BloomBars in Columbia Heights has extensive programming for children. (Holley Simmons)

BloomBars, the unconventional art space in Columbia Heights, not only hosts eclectic events for adults, but also is a place for children to soak up culture.

“I think we are offering something that’s a little different, that includes peace education,” says founder John Chambers, who was inspired to start children’s programming at the space (3222 11th St. NW) when his daughter, Ava Maya, was born nearly six years ago.

Children can learn French ballet on a Tuesday (ages 3-7), pick up some Bollywood moves on a Thursday (ages 4-8) and on Sunday get in a little yoga in the family class, which is for all ages. The suggested donation is $7 to $15.

On most mornings starting at 10, chubby-legged toddlers can be found crawling around or wobbling across a purple-and-gold mat. On a recent Friday during the hour-long Songs, Stories & Puppetsclass, a BloomBars volunteer strummed a guitar while belting out the alphabet and then used hand puppets to tell a story of a boy who is taught by a bear to give his mom a bear hug.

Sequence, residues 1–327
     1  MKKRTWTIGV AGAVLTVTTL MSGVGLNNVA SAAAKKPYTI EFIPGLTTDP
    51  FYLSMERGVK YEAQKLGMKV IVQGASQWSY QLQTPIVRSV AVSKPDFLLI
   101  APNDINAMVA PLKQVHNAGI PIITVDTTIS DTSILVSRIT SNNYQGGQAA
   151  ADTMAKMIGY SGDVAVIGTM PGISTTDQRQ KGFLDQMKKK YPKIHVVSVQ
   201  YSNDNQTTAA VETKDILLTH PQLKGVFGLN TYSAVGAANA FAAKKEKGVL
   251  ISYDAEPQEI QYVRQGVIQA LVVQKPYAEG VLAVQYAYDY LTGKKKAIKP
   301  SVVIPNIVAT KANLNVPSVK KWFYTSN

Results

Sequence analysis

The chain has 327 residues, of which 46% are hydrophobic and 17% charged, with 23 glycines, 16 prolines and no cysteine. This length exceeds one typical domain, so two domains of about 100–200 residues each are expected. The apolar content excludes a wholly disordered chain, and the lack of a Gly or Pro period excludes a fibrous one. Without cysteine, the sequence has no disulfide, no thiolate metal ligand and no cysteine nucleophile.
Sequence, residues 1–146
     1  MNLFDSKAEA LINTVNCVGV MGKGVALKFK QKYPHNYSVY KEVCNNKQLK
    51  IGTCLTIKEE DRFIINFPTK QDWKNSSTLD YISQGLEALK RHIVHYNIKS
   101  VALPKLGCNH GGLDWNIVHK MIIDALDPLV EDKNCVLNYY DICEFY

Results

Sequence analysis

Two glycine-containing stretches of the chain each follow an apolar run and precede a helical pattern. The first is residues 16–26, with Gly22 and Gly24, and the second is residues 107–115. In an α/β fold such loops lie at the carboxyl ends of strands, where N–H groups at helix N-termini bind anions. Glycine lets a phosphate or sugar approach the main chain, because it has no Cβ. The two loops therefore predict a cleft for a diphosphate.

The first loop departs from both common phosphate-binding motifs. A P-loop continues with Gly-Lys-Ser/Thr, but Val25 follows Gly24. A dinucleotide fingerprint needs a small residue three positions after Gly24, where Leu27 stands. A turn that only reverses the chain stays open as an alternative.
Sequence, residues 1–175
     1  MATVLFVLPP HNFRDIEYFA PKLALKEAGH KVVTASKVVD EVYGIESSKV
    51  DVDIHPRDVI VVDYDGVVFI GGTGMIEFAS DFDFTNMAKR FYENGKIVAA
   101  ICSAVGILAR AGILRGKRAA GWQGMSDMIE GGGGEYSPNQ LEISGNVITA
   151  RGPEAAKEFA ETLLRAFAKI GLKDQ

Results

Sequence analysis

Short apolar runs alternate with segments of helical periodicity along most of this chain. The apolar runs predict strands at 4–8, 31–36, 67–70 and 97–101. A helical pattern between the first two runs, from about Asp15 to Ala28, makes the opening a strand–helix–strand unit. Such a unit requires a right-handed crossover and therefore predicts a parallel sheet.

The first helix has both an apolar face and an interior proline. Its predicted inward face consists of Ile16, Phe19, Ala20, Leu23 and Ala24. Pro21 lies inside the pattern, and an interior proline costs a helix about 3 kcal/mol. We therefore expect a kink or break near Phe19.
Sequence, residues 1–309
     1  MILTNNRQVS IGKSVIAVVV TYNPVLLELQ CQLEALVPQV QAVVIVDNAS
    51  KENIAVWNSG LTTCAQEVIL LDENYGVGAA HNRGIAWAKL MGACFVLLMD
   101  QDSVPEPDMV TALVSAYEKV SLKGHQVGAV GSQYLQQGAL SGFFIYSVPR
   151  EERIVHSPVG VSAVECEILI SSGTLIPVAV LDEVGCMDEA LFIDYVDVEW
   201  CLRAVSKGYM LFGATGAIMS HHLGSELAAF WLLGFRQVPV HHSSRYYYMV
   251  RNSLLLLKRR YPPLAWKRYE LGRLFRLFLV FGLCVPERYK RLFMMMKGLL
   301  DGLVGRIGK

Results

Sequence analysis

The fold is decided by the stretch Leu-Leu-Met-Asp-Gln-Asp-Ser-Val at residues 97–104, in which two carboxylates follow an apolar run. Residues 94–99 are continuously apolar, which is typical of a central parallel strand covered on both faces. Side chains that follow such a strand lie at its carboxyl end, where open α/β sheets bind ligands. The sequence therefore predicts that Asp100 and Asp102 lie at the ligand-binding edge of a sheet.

Harambee, which means “all pull together” in Swahili, is the name of one of the longest-running and popular classes at BloomBars. It’s taught by veteran BloomBars artist Baba Ras D three days a week. He rhythmically bangs on a drum and sings into a microphone for almost an hour. His young audience members often try to join by hitting smaller drums.

Lawyer Betsy Strauss, 65, takes her 14-month-old granddaughter, Ada, to Harambee every Monday to hear Baba Ras D. She first took her now 4-year-old grandson, Micah, to Harambee before he reached school age.

“Baba Ras D seems to live the ideas in his songs,” Strauss said. “He sings about peace, making friends and letting your light shine through, and I think that’s what makes him so effective with children and adults.”

Veronica Jimenez’s 2-year-old son, Santiago, likes to play drums next to Baba Ras D and Chambers during Harambee. Jimenez, 41, brings her 4-year-old daughter to ballet classes, and Santiago frequents Harambee and the Friday puppet show.

When Latin Grammy-nominated children’s musician 123 Andrés moved away as his career took off, Jimenez approached Chambers about filling the void. For about a year, she has taught Canta Conmigo, which consists of Spanish-language singalongs and puppets.

“Bubbles are my secret weapon,” she said about her young fans.